10 July 2009

F-22 High Maintenance

[O]n average from October last year to this May, just 55 percent of the deployed F-22 fleet has been available to fulfill missions guarding U.S. airspace, the Defense Department acknowledged this week. The F-22 has never been flown over Iraq or Afghanistan. . . .

"It is a disgrace that you can fly a plane [an average of] only 1.7 hours before it gets a critical failure" that jeopardizes success of the aircraft's mission, said a Defense Department critic of the plane who is not authorized to speak on the record. Other skeptics inside the Pentagon note that the planes, designed 30 years ago to combat a Cold War adversary, have cost an average of $350 million apiece and say they are not a priority in the age of small wars and terrorist threats.

Skin problems -- often requiring re-gluing small surfaces that can take more than a day to dry -- helped force more frequent and time-consuming repairs, according to the confidential data drawn from tests conducted by the Pentagon's independent Office of Operational Test and Evaluation between 2004 and 2008.

Over the four-year period, the F-22's average maintenance time per hour of flight grew from 20 hours to 34, with skin repairs accounting for more than half of that time -- and more than half the hourly flying costs -- last year, according to the test and evaluation office.

The Air Force says the F-22 cost $44,259 per flying hour in 2008; the Office of the Secretary of Defense said the figure was $49,808. The F-15, the F-22's predecessor, has a fleet average cost of $30,818.

From here.

A secret false claims act suit filed in 2007 by a Lockheed employee claims that Lockheed deliberate lied about skin coating problems to the Air Force.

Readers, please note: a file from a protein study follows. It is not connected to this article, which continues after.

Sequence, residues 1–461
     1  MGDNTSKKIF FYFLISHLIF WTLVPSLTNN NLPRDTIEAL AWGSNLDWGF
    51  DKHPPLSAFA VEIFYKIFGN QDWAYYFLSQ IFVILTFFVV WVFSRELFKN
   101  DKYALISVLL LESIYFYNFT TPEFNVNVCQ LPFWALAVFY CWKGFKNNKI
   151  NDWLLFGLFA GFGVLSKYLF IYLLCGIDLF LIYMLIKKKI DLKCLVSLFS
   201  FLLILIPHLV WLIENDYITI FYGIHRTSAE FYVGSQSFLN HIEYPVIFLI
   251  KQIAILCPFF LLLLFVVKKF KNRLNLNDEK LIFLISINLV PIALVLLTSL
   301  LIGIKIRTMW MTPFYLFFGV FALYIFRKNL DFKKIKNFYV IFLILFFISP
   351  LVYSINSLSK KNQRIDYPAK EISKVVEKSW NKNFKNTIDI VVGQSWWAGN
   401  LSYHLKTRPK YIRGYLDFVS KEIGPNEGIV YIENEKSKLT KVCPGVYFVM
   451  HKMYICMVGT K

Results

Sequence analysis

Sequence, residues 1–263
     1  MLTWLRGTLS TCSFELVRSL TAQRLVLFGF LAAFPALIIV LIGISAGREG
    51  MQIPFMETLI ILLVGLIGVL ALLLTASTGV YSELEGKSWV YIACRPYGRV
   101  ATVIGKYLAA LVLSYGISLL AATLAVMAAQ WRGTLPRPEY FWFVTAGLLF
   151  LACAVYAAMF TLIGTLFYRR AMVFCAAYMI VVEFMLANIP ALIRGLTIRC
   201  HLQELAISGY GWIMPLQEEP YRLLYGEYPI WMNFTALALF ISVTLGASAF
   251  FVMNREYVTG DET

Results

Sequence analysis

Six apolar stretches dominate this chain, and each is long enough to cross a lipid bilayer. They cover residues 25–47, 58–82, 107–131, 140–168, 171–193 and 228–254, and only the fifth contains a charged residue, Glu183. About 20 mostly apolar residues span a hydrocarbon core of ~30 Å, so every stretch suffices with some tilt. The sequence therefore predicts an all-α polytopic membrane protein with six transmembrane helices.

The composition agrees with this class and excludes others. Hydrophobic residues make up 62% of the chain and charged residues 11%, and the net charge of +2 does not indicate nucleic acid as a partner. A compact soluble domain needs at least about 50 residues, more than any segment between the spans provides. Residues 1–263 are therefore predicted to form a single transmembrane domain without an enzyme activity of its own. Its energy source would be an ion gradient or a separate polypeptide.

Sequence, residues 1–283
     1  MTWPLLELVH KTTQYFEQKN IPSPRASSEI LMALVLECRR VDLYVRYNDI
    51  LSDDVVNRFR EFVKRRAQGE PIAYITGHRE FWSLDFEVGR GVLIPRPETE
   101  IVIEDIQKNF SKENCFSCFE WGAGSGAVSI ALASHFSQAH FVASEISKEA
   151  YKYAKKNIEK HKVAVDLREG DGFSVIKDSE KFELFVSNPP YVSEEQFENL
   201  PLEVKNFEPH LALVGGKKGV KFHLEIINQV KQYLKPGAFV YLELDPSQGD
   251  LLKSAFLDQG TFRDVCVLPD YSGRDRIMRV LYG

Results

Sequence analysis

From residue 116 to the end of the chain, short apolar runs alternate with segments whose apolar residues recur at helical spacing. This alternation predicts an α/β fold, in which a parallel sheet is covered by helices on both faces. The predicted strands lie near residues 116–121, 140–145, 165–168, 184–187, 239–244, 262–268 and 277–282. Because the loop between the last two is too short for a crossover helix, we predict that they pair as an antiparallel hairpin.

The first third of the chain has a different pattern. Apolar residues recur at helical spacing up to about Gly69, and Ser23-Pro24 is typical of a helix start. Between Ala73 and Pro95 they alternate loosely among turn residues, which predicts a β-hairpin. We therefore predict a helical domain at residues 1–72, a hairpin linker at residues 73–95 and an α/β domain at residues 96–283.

Keep in mind that the F-15 warplanes it is replacing were built several decades ago, while the F-22s are brand new.


Anonymous said...

This article is filled with inaccuracies and flat-out mis-information. I've seen the OSD fact sheet AND the AF fact sheets they used to brief the reporter and later gave him--still he refused to use the updated numbers because it did not fit his headline and preconceived notion. The AF has put out a scathing rebuttal that refutes 90% of Smith's argument. FACT: The AF needs 60 more Raptors ($143M each) to total up to 243 to defend this nation from peer threats like China, Russia and other nations who threaten our allies like Iran and North Korea.
FACT: This country has spent 200 times this amount in last 6 months on Stimulus and restoring Wall Street banks who made horrendous bets in the oil and mortgage markets and lost.

I guess in the end, the Wash Post and the others like you, who posted this story without further investigation, care more about Goldman Sachs than they do about the USAF.

Andrew Oh-Willeke said...

A link to the AF's rebuttal or specific identification of the facts the Washington Post has wrong would be interesting. On the whole the Wasington Post has a better track record for accuracy in public statements than the Air Force.

The needs of the AF are firmly in the realm of opinion and prognostication rather than fact. Moreover, the usefulness of the Raptor against countries like China and Russia (the term "peer threats" is deceptive, as our real peers are also our allies) is impacted significantly by the F-22 maintenance question.

There is very little reason to think that 243 Raptors would be more effective in taking on Iran or North Korea than 183.

The amount "spent" on stimulus is a mix of numbers. Quite a bit of it is in the form of loans and loan guarantees that have a genuine chance of being paid back. More is in the form of what amounts to deferred maintenance. At any rate, waste in one area of the budget is still waste, regardless of how much one spends in another area of the budget.

Andrew Oh-Willeke said...

The original estimate was under ten hours.